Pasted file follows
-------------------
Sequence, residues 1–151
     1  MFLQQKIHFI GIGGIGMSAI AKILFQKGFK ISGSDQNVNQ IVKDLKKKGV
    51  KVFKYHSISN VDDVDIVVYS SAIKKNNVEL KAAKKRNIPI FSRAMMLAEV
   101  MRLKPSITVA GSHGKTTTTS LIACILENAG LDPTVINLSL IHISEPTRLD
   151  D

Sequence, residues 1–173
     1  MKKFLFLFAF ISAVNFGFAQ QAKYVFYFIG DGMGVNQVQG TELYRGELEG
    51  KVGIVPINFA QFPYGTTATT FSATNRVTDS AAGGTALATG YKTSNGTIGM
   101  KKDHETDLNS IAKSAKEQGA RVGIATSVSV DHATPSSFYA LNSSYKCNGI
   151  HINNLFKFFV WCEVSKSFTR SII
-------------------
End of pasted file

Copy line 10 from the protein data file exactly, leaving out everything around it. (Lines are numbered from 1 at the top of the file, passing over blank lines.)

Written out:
   151  HINNLFKFFV WCEVSKSFTR SII